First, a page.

by Tela Zasloff
Alexis de Tocqueville, a French aristocrat with training in law, came to the United States in 1831 to observe our democracy and, at the astoundingly young age of 26, wrote a brilliant analysis that appears as fresh and convincing today as it did then. In beginning our new enterprise, The Greylock Independent, we relish particularly what he had to say about newspapers.
“Newspapers,” said Tocqueville, “are the only means, in a democracy, of persuading a great number of citizens simultaneously that, to protect their private interests, they have to join with others in the public interest.” He argued that this role that newspapers played was the best antidote we had against unbridled individualism–to his mind, the greatest threat to our young democracy. And if we focus only on maintaining the press as a source of free expression, we miss the greater role that newspapers play—they draw us together to a common purpose. “To suppose that they only serve to protect freedom would be to diminish their importance: they maintain civilization”, even if they mislead us often into “very ill-digested schemes.” A newspaper can reproduce what we each think or feel singly, and “guided towards this beacon, these wandering minds, which had long sought each other in darkness, at length meet and unite.”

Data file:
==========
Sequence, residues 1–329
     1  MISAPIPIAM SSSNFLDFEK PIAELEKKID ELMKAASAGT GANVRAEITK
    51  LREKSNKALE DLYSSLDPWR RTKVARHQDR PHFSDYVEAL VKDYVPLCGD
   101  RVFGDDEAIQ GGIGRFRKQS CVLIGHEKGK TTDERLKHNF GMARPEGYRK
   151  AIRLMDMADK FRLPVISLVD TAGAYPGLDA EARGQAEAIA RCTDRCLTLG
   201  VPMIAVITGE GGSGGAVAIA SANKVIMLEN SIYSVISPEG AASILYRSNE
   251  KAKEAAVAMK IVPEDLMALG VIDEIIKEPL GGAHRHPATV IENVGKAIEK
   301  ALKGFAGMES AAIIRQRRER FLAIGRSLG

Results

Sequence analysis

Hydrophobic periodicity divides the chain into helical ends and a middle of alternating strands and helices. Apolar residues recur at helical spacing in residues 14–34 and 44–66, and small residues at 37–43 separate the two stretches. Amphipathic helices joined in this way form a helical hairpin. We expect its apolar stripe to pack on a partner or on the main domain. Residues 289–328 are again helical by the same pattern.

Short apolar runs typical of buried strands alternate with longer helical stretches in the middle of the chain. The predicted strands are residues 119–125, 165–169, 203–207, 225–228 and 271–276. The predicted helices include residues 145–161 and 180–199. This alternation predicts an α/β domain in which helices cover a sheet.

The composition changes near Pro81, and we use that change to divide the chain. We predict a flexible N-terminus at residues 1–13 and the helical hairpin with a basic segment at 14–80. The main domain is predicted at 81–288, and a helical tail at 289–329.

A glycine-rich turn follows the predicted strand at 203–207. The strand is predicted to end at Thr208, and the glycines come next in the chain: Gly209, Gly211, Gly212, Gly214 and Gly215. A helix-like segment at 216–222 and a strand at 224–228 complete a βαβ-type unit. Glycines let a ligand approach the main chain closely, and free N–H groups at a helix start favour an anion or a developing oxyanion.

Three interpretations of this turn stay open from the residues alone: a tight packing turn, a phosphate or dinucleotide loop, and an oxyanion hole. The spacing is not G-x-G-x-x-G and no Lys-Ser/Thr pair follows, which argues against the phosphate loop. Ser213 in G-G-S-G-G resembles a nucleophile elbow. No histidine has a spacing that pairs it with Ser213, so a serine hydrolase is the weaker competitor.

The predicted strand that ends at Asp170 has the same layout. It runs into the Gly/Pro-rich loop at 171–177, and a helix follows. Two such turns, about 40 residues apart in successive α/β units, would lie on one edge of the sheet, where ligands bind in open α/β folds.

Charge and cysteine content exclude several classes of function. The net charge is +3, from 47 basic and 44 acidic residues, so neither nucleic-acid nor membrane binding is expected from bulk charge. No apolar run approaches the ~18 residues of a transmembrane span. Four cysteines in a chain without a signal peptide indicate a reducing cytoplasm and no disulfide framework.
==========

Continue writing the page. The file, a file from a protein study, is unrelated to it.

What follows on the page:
What’s more, a newspaper, said Tocqueville, can unite a community in a unique way, with its own irresistible kind of persuasion. “A newspaper can drop the same thought into a thousand minds at the same moment. A newspaper is an adviser that does not require to be sought, but that comes of its own accord and talks to you briefly every day, of the common weal, without distracting you from your private affairs.”
“Wandering minds which had long sought each other in darkness” is probably over-the-top in describing how many of us feel about the loss of both northern Berkshires newspapers. But, yes, we still need a medium through which we can talk to each other, in large numbers, about our common interests. And extending our definition of newspapers to contain all the variety of mass media available to us today, doesn’t change that need. We hope that our new enterprise will be a small beacon for wandering minds, by which we can all talk to each other briefly before returning to private life.